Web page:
In the wake of Edward Snowden’s allegations of massive surveillance by the United States government on foreigners and on its own citizens, renewed attention is being given to digital privacy. There are two distinct but related components of this: privacy from government surveillance and privacy from corporate or other private interests. Much has already been written about the former.

But surveillance on the scale that Snowden alleges (and its extent is unclear at this point) would not be feasible unless people had created massive amounts of information and records about themselves… records that companies use for commercial purposes.

For instance, 10 years ago Gmail did not exist. Google created this free email service to make money by data-mining Gmail accounts and selling access to advertisers. Facebook allows people to create profiles of themselves, their friends, their favourite products and their location.

There are tons of free — and very useful — applications on the internet as well as organizations offering discounts. But are they donating these services out of pure altruism? No. As they say in internet marketing circles, “If the service is free, you are not the customer. You are the product.”

So much data is generated that even IT experts aren’t aware of it. Consider the case of John McAfee, who developed the original virus-detection software. He fell on hard times and was charged with murder in Belize. But before the police arrived, he disappeared.

I was among the first to find him — simply by looking at a picture he had posted online. From my desk in central Illinois, I was able to track him down in Rio Dulce, Guatemala. I could identified what restaurant he was at. It sounds complicated, but it only took me a few moments. I went through the exercise because I was bored on a Monday (my wife says I need better hobbies). Apparently the computer guru had forgotten that modern devices come with GPS receivers and will embed (if not turned off) geolocation data in events, pictures and the like.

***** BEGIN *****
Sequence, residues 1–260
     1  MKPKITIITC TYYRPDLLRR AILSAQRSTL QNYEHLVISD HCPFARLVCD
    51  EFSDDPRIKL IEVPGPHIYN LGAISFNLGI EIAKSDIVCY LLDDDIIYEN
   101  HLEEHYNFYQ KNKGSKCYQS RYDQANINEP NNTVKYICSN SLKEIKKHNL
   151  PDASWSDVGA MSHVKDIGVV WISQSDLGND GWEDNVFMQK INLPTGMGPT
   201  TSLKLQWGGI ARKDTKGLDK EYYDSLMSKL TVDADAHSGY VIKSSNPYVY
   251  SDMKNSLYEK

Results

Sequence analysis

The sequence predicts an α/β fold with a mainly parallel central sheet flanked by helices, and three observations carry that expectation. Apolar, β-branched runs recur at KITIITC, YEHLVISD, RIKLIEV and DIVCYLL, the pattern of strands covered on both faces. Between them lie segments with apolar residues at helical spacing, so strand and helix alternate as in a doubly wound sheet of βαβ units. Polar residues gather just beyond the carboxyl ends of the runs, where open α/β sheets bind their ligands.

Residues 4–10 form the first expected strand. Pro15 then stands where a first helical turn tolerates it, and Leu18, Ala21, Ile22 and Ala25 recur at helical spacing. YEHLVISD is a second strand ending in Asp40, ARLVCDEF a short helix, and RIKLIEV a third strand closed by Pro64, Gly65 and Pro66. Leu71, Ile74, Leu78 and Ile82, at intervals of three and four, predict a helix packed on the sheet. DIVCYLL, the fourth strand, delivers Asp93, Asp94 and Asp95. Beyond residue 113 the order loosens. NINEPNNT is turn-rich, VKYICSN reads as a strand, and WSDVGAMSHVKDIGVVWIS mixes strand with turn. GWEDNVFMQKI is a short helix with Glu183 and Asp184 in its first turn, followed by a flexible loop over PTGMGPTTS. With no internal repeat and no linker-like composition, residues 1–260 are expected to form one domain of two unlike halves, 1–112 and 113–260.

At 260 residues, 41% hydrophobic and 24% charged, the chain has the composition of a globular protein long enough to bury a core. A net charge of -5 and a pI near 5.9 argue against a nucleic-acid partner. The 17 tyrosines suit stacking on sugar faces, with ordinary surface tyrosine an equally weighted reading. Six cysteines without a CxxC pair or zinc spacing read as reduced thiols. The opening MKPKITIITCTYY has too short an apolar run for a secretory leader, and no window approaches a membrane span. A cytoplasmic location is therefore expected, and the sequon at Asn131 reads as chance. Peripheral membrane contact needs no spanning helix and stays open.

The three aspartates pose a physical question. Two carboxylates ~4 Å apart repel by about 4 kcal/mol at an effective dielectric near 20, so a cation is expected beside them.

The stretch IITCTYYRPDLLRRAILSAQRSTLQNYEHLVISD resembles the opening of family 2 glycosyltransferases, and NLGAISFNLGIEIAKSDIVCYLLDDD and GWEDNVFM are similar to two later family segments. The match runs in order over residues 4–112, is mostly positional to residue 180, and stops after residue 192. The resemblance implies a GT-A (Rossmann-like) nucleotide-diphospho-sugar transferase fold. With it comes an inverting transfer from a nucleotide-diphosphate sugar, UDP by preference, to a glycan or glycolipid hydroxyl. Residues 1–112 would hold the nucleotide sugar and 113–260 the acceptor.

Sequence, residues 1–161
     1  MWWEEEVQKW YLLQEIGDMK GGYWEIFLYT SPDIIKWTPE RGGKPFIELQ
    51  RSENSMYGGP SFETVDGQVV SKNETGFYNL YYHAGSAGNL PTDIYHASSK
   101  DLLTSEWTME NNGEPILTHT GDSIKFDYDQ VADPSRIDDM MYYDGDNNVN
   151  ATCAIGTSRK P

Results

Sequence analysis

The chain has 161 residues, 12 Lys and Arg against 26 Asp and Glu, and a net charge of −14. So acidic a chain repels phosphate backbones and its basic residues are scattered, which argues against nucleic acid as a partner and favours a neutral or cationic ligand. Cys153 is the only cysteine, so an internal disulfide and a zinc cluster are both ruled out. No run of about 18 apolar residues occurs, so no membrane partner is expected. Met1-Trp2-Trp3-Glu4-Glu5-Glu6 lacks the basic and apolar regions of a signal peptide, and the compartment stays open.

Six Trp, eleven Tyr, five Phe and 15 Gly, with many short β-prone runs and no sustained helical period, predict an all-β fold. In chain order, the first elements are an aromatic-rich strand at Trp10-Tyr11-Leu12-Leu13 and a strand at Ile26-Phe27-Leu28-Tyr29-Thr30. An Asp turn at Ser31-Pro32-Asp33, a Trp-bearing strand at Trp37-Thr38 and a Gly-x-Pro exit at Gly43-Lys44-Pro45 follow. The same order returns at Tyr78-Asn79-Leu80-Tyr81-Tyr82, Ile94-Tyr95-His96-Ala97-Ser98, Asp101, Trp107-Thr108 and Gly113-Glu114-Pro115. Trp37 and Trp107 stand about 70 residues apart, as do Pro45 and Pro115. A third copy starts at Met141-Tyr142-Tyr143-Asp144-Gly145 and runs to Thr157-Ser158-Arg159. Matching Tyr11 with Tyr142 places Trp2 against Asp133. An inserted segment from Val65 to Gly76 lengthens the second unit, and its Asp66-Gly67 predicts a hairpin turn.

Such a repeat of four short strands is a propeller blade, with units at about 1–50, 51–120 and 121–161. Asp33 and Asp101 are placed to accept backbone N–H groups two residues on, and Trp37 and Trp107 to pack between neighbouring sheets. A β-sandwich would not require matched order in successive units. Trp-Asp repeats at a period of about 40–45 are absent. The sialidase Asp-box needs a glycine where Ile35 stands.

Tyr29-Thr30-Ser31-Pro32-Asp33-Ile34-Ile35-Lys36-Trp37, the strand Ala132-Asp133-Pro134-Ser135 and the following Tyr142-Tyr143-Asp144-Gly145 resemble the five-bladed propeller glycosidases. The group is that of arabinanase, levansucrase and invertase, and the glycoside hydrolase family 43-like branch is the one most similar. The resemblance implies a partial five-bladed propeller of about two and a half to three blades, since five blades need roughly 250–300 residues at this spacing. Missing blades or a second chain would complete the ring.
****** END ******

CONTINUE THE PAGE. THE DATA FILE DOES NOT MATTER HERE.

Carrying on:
I’ve used public geolocation data in investigations from time to time to prove the validity of a story, or to prove that someone is less than honest. Even more data becomes available if you can obtain a subpoena. Recently, I used GPS data embedded in social media to prove that a politician was violating ethics laws by doing political work in a government office.

The amount of data generated about people that can be leveraged for marketing purposes is staggering. It is euphemistically known as “Big Data” and the reality is there is far more data generated than can be used right now. That hasn’t stopped companies from creating new technologies for absorbing it. There is a voracious desire to gather as much information about consumers as possible.

For instance, a recent patent filed by Microsoft describes technology that can detect how many people are watching a home movie. If there are too many warm bodies in the room, the device warns viewers that they must purchase a license.

As far as gadgets are concerned, the newest hot item is Google Glass, essentially a wearable computer device that looks like a pair of glasses. Google, as a company, doesn’t sell personal information but it does gather information for the purposes of selling access to consumers based on their interests. As an example, my wife was searching for some Super Mario toys for my children and now most websites she visits display ads about Super Mario products.

That said, some of the potential of Google Glass is disturbing.